The Cry O’ Howlets

Fearfu’ soughs the boortree bank,
The rifted wood roars wild and drearie,
Loud the iron yett does clank,
And the cry o’ howlets makes me eerie.

Some  evocative lyrics there from the traditional Scots ballad ‘Are ye sleepin’, Maggie?’ (Hear the Dougie Maclean version here)  For me this is the perfect storm (forgive the pun) of language, rhythm and mood. The old Scots words add eloquence and mystery: boortree; the bower-tree or elm; yett, a gate and, the subject of this week’s post, the howlet or owl.

Country folk have always taken great pains not to get on the wrong side of this magical bird. Last week, I shared with you the story of an irate miller who marched his young son back to the howlet’s nest to replace some stolen eggs.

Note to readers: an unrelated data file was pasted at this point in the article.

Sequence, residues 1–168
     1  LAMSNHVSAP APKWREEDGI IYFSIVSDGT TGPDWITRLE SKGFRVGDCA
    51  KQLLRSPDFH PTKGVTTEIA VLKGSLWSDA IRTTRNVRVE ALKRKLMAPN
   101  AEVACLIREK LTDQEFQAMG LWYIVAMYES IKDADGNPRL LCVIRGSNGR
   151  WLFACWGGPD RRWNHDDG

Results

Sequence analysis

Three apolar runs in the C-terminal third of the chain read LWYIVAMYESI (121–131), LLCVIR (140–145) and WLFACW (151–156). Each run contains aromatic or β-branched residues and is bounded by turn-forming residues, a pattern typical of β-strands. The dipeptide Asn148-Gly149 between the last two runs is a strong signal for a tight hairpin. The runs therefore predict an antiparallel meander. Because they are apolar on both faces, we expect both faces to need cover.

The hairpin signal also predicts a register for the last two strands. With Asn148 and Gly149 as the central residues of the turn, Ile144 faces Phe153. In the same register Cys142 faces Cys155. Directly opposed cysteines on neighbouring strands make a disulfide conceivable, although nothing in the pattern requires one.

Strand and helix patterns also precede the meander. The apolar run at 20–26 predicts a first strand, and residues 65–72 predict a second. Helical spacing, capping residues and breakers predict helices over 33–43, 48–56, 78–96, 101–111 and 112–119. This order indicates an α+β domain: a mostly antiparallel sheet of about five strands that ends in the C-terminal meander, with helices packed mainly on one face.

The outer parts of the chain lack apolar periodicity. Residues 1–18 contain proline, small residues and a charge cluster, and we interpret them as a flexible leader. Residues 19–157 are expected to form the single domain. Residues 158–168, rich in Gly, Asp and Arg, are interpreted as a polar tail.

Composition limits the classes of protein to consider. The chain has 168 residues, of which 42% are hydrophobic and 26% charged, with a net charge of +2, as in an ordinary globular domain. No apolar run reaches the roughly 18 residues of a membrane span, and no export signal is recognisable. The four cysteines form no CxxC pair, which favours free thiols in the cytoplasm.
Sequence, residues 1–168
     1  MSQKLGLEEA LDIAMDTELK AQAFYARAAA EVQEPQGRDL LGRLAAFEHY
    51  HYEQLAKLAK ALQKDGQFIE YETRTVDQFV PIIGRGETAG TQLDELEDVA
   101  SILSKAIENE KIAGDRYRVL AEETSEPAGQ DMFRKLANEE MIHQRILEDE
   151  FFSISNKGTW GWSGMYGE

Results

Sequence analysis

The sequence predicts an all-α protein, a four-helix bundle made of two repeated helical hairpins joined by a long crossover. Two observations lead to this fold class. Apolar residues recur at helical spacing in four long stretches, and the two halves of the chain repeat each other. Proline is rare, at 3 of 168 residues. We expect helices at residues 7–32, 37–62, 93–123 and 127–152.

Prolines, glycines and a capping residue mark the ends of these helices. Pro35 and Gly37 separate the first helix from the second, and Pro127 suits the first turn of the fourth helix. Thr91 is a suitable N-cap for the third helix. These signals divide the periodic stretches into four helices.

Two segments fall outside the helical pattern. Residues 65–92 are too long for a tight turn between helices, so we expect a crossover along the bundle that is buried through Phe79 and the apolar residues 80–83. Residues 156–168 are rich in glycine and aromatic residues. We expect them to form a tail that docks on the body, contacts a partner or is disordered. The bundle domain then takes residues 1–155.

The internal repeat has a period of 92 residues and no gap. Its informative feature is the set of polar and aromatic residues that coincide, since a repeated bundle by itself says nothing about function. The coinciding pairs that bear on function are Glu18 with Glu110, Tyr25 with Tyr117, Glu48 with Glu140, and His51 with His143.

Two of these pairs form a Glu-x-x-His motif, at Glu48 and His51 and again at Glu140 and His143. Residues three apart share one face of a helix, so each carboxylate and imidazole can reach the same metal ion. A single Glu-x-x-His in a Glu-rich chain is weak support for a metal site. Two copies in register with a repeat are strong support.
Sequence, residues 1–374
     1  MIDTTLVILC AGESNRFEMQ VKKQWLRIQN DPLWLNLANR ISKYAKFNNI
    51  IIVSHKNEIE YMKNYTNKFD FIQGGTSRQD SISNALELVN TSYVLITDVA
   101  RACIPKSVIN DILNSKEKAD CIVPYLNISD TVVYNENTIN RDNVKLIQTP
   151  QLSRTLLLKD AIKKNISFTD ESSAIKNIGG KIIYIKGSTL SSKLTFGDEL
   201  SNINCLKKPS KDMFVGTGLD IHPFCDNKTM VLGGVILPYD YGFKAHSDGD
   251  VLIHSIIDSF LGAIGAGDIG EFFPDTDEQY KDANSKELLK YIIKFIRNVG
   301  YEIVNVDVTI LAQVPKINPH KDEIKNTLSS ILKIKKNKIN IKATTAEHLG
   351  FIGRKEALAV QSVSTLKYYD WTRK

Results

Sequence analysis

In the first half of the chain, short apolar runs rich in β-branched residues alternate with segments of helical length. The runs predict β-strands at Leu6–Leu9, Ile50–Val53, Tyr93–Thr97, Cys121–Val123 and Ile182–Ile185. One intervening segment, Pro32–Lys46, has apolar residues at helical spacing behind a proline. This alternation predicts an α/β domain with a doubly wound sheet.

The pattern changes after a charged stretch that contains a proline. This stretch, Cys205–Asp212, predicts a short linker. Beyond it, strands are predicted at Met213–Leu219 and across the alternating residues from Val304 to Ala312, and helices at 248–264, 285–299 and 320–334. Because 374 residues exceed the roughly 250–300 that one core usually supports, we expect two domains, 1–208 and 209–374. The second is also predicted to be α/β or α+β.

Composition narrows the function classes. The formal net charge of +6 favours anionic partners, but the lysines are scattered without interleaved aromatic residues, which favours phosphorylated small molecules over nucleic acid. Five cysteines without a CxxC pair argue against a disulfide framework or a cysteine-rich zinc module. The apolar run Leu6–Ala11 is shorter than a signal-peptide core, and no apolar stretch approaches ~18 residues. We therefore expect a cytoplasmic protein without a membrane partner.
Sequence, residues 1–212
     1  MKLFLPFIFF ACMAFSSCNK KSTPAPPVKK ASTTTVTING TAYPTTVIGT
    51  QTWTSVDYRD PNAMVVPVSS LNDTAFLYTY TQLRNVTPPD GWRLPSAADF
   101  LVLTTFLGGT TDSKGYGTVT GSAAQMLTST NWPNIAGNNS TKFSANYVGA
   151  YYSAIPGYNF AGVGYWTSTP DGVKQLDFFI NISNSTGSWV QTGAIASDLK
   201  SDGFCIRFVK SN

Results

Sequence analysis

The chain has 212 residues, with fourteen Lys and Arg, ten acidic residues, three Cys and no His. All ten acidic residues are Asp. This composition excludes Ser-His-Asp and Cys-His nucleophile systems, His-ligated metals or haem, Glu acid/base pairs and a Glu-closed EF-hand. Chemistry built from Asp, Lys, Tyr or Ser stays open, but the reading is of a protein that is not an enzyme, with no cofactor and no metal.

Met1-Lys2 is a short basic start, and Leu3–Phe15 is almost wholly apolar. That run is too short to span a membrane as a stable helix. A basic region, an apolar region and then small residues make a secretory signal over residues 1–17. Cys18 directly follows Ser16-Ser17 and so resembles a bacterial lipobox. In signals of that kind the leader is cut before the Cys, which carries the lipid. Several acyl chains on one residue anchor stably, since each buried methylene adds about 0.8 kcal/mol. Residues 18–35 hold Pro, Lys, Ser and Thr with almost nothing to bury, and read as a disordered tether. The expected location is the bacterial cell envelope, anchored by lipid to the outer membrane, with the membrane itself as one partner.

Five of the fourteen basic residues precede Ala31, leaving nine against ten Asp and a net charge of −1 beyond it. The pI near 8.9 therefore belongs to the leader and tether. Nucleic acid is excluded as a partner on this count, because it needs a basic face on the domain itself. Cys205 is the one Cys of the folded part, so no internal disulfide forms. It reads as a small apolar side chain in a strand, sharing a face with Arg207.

The term howlet, houlet, hoolit or houlet appears in Scots literature from the earliest times. The Scots Language Centre cites  ‘The Buke of the Howlat’, written by Sir Richard Holland in the middle of the fifteenth century, as one of the earlier poems referencing the owl. Click here to learn more. The houlet, unhappy with his appearance is given a feather by all the other birds so that he is “Flour of all fowlis throw fedderis so fair”, but he gets “So pompos, impertinat and reprovable” that the birds strip him again. An entry in the Register of the Privy Council (1663) reveals the word being used as an insult: “Calling her ill-faced houlett, lyk that catt, thy sister”. In his Historie of Scotland (1596)  James Dalrymple compares ‘traytouris’, or traitors, to ‘howlets’. A more humorous mention comes from this description in the Edinburgh Evening Dispatch (1891) of  ‘a douce lad wi’ a daylicht face, they say, an’ nane o’ the hoolit aboot him”.